by David Colley

Monday I went shopping in Sunderland. I love Sunderland. Which is a risky position to take sometimes, living as I do, north of the river.

But I digress. I popped into Debenhams. I wanted some kitchen stuff and to mooch for present ideas. So I headed straight for homeware on the top floor.

And came to a brisk stop.  I could see a cornucopia of products ahead of me. A veritable Aladdin’s cave of kitchen ware, gadgets and enticing ‘stuff’. But could I find a way to get near it? Hell no!

Some bright spark had thought it would be good to put all the units, stock, and fittings so close together that it was impossible for a wheelchair user to see, or work out if, there was a way to get into the area to actually shop. The widths were appalling: lots under 65cm, some under 50 cm, and some as little as 30cm. Even Victoria Beckham would have to turn sideways and breathe in to get by! Me in my wheelchair didn’t stand a chance!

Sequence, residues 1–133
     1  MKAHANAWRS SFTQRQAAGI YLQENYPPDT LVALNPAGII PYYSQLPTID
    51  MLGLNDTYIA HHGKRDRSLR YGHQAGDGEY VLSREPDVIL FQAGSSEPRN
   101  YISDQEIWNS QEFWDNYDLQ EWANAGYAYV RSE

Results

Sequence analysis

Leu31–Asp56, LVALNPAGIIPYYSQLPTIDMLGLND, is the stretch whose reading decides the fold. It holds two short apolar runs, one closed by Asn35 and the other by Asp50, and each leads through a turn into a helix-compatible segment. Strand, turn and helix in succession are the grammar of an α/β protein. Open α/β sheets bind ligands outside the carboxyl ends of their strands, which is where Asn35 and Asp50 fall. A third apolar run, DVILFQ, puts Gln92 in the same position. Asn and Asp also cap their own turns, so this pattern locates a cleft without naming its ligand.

Now given that shopping, wheeling in and around town, in and out of buildings, would usually require an indoor/outdoor chair, which British Standards say are up to 70cm wide. And given British Standard 8300 on disability access and design, which says even a doorway should be 80cm wide for a wheelchair. Why do you think Debenhams has chosen to put their display stands as little as 30cm apart? Its a very effective barrier for us wheelchair users.

In fact, you’d be hard pressed to find a better one.

Except perhaps for the store manager who promised that he understood my “frustration”, and that he’d feed back my comments.  So I had to leave. No shopping. No goods or services. Hold on, I think that phrase reminds me of some rule somewhere to do with Equality…

[And on the way out, even the wheelchair-accessible loo was out of order, bringing ignominy to upset].